Never use 100x Leverage on BitMEX (Study)

After the wild success of the 100x leverage Bitcoin perpetual swap on BitMEX, other major Bitcoin Futures exchanges quickly matched the same offering.

Today, most of the big crypto futures exchanges offer 100x leverage: Deribit, Bybit, and FTX, just to name a few.

However, is this truly in the best interest of exchange’s users?

For most new traders, the idea of 100x leverage sounds extremely alluring. After all, who wouldn’t want to trade with $100,000, while only having a $1,000 account.

Little do they know that 100x leverage DESTROYS any trading edge that they may actually have

The goal of this article is to outline why, in simple terms.


  • When using more than 25x leverage, the exchange’s maintenance margin is destroying your trading edge.
  • Fees are charged on the entire leveraged position, and not just your margin. Hence, fees are extremely destructive to your margin when using high leverage.
  • Big traders are incentivized to liquidate overleveraged positions and, indeed, do so regularly.

I’d like to give credit to BambouClub for most of the ideas discussed throughout the article. His excellent Medium articles about Bitcoin Derivatives are a must read for every cryptocurrency trader.

Finally, it’s important to note that this article is in no way a criticism of BitMEX. In fact, I do most of my trading there. But it’s important that traders know what they’re getting into when using the exchange.

Maintenance margin destroys your edge

BitMEX works unlike traditional futures exchanges, like the CME, where losses are technically unlimited. At BitMEX, your maximal loss is the margin that you are using in a particular position.

Hence, BitMEX needed a mechanism to ensure that losses never exceed a trader’s margin. 

The exchange’s solution to the problem is rather elegant. BitMEX forcefully liquidates a trader’s position BEFORE the margin is worth zero (also called the “bankruptcy price”).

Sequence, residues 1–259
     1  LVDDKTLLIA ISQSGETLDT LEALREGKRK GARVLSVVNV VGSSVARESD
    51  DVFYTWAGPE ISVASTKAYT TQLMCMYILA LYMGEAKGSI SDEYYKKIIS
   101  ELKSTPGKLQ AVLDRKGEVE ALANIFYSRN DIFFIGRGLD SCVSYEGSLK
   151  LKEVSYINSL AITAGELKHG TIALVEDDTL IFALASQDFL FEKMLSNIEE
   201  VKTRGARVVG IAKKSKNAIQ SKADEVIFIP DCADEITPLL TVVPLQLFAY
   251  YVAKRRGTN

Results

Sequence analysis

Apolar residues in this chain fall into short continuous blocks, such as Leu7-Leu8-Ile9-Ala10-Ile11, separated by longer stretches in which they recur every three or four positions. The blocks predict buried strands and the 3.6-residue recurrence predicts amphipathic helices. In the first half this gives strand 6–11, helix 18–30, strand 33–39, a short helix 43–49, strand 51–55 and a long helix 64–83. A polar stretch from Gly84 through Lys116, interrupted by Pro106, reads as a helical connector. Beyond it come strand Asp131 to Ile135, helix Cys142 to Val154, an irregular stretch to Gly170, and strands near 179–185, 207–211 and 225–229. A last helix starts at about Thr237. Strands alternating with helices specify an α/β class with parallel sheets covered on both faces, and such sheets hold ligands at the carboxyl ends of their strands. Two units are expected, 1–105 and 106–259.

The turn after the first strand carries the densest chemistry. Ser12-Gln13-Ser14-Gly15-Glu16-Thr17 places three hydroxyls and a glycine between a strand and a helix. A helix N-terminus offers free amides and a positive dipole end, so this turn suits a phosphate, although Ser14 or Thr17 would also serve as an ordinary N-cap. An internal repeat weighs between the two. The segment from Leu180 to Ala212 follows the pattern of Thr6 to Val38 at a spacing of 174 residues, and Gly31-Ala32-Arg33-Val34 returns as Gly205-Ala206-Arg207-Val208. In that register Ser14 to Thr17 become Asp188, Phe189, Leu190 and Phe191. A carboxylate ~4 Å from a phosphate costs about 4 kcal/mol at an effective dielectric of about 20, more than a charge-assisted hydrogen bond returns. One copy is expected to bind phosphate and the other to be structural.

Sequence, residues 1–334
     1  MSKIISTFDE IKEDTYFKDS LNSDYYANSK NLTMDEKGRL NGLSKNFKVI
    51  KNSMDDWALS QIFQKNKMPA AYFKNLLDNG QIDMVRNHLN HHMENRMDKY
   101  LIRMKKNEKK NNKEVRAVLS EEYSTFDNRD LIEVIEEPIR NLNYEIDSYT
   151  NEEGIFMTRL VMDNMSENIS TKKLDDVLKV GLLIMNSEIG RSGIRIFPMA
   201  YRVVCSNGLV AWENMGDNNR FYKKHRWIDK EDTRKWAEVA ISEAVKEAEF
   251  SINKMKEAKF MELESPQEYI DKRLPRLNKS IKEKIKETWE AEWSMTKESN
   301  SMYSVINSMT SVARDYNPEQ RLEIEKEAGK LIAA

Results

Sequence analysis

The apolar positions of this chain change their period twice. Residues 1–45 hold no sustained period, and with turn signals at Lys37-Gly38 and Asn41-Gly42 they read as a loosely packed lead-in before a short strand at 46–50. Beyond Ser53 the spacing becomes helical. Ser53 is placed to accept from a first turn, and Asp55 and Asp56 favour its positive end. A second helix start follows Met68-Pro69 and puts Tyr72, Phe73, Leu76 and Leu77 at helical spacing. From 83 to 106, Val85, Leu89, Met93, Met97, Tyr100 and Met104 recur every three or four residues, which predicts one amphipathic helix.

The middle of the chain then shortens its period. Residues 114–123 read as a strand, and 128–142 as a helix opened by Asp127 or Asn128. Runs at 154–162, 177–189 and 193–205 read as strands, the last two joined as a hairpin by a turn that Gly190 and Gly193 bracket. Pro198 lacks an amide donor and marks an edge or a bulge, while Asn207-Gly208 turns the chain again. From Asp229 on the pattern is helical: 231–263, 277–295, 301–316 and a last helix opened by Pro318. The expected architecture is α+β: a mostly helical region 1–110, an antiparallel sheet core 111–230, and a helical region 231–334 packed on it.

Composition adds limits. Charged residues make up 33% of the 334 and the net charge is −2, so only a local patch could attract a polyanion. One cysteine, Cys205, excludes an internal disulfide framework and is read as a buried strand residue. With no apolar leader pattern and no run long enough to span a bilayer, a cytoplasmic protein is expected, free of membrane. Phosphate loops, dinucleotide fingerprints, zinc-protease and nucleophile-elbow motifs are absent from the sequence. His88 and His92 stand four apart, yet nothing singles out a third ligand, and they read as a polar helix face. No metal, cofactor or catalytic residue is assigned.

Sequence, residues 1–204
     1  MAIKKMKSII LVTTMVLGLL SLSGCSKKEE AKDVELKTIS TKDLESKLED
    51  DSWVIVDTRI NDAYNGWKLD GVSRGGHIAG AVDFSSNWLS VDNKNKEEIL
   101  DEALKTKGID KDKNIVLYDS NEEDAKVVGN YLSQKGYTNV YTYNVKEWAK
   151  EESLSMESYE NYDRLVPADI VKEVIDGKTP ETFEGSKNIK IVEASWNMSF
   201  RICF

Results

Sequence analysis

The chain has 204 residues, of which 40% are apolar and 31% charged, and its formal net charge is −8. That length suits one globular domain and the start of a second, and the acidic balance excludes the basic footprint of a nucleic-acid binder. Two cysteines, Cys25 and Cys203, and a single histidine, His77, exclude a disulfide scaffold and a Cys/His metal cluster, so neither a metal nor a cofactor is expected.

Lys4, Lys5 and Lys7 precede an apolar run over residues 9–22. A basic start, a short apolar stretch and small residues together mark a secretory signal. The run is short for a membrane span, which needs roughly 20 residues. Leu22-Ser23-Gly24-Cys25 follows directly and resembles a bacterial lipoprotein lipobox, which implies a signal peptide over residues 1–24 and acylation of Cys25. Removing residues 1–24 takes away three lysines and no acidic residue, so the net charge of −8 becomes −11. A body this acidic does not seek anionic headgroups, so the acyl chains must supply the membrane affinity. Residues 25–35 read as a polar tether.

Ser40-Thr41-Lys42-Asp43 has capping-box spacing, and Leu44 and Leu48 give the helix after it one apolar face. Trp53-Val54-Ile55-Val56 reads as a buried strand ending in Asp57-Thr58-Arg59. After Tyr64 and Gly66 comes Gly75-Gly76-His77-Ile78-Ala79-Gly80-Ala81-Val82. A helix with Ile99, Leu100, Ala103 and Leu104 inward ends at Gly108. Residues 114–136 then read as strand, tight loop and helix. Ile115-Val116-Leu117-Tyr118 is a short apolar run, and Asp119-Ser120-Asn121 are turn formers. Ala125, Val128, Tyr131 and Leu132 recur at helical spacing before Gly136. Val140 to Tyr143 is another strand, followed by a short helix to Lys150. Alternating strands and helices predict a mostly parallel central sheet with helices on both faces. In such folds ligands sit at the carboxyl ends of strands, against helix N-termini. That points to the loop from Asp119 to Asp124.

• If a trader is long, BitMEX sets a liquidation price slightly above the bankruptcy price.
  • If a trader is short, BitMEX sets a liquidation price slightly below the bankruptcy price.

If the market moves against the trader’s position and reaches the liquidation price, the position of the trader is automatically liquidated at market.

This difference between the liquidation price and the bankruptcy price is referred to as the Margin Maintenance Requirement (MMR).

This is great for BitMEX, because the MMR serves as a cushion protecting the exchange from liabilities. 

But it’s highly destructive for traders. 

And most people underestimate how destructive it REALLY is.

Theoretically, if a trader is 100x long, his margin is worth zero after a 1% price drop.

HOWEVER, BitMEX already liquidates the position after a 0.44% adverse move to satisfy it’s maintenance margin requirements.

So, as you hopefully realized by now, the maintenance margin requirement when using more than 25x leverage is absurdly high. 

This significantly erodes a trader’s edge, since it liquidates a position before it would be “fair” to do so.

To avoid falling victim to high maintenance margin requirements, do not trade with extremely high leverage. This effect is barely noticeable when using less than 10x leverage.

Fees eat away your margin

Fees on BitMEX are comparatively much higher than on spot exchanges, since the fee applies to the entire leveraged position, and not just the margin used.

So, if you have $1,000 in your BitMEX account (your margin) and use it to open a $100,000 position by using 100x leverage, you’re paying the 0.075% fee on the entire $100,000 position and NOT just on the $1,000.

This means that you’re effectively paying a 7.5% taker fee on your margin (0.075% x 100x). 

Now, if you use a taker order to get into the position and a taker order to get out of the position, you will have paid a 15% fee on your margin of $1,000, which is $150.

Crazy, right?

Let’s now plot this on a chart to make it more visual.

The chart below displays the percent of your margin that gets eaten away, when using market orders to get in and out of a position, based on how much leverage you are using.

We can clearly see that fees paid when using very high leverage (over 25x), is extremely destructive to your margin.

Volatility that’s designed to liquidate

At the time of writing, the 30-day rolling average Bitcoin volatility is 2.39%. This is the standard deviation of daily returns in the past 30 days.

For reference, here’s the adverse price move that would liquidate a long:

So, if a trader is using more than 50x leverage and doesn’t PERFECTLY nail the trade, odds are that he’ll get liquidated after just a day.

BUT that’s not all.

There are days where even if the trader is right and price ends up trending in the predicted direction, the position gets liquidated first, as big traders run the market sharply up and down to shake out overleveraged traders.

This price action has been informally termed as a “Darth Maul” candle, in reference to the Star Wars character known for using a double lightsaber.